Customers buy food on a busy street in the centre of the northwestern Syrian city of Idlib on September 24, 2018. Photo by Omar Haj Kadour/AFP.
AMMAN: Saddam al-Muhammad was walking home from Friday prayers last month when he was bundled away and disappeared off the street in northwestern Idlib province’s Atma.
The local branch director of an Idlib NGO that provides housing, educational and medical services to thousands of civilians, al-Muhammad was allegedly abducted on October 12 by men believed to be affiliated with hardline Islamist coalition Hay’at Tahrir a-Sham (HTS), a source from his organization, the Ataa Association for Relief and Development, tells Syria Direct.
According to the source, speaking on condition of anonymity because of the sensitivity of the issue, HTS kidnapped al-Muhammad following a dispute between the NGO and the HTS-affiliated Directorate of Displaced Persons—a subsidiary of the hardline group’s Syrian Salvation Government (SSG) that governs areas under its control.
HTS-affiliated officials meanwhile deny any knowledge of the incident.
Al-Muhammad was later released on October 27, two weeks after he first disappeared.
One kidnapping among many, local aid organizations have since warned of halting Idlib operations, leaving countless civilians at risk of losing access to baseline services.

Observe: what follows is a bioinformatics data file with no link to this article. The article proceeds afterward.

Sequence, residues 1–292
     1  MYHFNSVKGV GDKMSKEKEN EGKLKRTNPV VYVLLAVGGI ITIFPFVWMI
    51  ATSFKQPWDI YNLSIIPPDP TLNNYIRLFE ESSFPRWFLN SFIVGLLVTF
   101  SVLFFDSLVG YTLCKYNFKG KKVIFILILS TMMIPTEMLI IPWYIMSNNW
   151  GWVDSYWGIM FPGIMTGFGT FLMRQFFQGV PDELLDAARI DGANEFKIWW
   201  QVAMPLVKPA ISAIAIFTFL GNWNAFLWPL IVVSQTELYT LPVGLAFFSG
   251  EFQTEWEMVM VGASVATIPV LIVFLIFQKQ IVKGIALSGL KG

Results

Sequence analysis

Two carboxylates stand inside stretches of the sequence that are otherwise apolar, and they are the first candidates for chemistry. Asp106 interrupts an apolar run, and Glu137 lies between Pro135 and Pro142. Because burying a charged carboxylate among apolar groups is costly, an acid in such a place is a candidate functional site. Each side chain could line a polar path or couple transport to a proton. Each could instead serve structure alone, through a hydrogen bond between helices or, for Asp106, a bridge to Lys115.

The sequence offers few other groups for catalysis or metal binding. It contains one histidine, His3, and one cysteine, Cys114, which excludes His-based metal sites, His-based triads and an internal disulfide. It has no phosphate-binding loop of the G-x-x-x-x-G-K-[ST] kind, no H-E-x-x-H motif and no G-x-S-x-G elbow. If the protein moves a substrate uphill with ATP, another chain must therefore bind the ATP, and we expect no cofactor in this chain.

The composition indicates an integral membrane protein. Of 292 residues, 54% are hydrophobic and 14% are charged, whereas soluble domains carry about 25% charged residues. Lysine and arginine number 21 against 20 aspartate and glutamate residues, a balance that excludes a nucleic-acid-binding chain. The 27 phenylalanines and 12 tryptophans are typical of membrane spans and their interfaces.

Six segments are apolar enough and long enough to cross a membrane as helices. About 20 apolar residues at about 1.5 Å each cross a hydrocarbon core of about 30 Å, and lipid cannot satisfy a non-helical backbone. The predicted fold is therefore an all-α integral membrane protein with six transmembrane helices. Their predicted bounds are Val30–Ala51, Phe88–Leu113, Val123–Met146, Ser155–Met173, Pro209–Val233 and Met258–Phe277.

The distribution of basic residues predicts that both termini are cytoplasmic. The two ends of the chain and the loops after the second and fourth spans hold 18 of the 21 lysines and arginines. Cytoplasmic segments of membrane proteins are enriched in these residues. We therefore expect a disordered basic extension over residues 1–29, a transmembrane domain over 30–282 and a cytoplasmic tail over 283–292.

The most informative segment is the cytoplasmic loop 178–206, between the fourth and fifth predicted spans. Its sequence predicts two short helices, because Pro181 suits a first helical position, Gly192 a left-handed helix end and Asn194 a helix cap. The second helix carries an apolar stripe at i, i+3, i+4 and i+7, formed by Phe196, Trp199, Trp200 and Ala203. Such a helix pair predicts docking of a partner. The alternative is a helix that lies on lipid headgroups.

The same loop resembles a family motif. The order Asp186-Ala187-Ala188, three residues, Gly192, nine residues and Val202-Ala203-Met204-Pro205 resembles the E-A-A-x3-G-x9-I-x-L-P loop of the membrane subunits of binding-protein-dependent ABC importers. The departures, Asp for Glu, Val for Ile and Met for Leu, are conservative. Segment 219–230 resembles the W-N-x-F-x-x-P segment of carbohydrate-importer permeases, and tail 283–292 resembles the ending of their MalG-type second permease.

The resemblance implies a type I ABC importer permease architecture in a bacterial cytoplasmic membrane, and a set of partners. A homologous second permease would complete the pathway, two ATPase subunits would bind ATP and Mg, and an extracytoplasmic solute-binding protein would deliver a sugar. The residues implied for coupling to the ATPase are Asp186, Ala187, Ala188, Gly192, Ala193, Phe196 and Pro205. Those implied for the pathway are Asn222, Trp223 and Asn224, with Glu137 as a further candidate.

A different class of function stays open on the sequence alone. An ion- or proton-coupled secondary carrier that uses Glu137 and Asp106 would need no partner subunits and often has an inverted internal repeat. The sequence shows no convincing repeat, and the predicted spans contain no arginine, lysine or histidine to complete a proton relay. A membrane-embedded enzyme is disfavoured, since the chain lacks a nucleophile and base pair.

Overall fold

Al-Muhammad’s story is far from unique. A recent uptick in kidnappings across Idlib province has raised the stakes that local aid workers—and the organizations they work for—face while providing assistance to some of the estimated 3.5 million civilians now residing in Syria’s last major rebel-held stronghold.
Although a Turkish- and Russian-brokered ceasefire agreement staved off a pro-government offensive on the province in mid-September, the myriad factions and anarchic security conditions that prevail in the northwest mean no single party can realistically curb instances of kidnappings and arbitrary arrests by both armed factions and criminal groups.
While individual aid workers disappear, recent kidnappings are also impacting organizations themselves. At least two organizations have temporarily suspended work at local facilities in recent weeks amid security threats, and the sensitive issue of ransom-paying—whereby organizations pay ransoms to criminals and armed factions, some of them hardline Islamists—can pose an existential threat to organizations’ external funding, aid workers warn.
Local aid workers, meanwhile, say the lack of security is making them question whether they should continue their jobs.
“For me, of course there is a big fear,” Ahmad, a 25-year-old aid worker in Idlib city tells Syria Direct, describing how the recent spate of kidnappings has heightened anxieties about his work.
Ahmad, along with other aid workers in Idlib quoted in this report, requested that his real name be withheld for fear of reprisals from local armed factions.
“If I felt that I was in imminent danger, of course I’d leave my work,” he admits. “I don’t want to break my mother’s heart.”
‘We cannot count them all’
An eleventh-hour diplomatic summit in September between Russian President Vladimir Putin and Turkish President Recep Tayyip Erdogan saw the two leaders announce a 15- to 20-kilometer-wide “buffer zone” around Idlib province. The agreement appeared to stave off a looming pro-government offensive that UN officials and humanitarian organizations warned would have been catastrophic.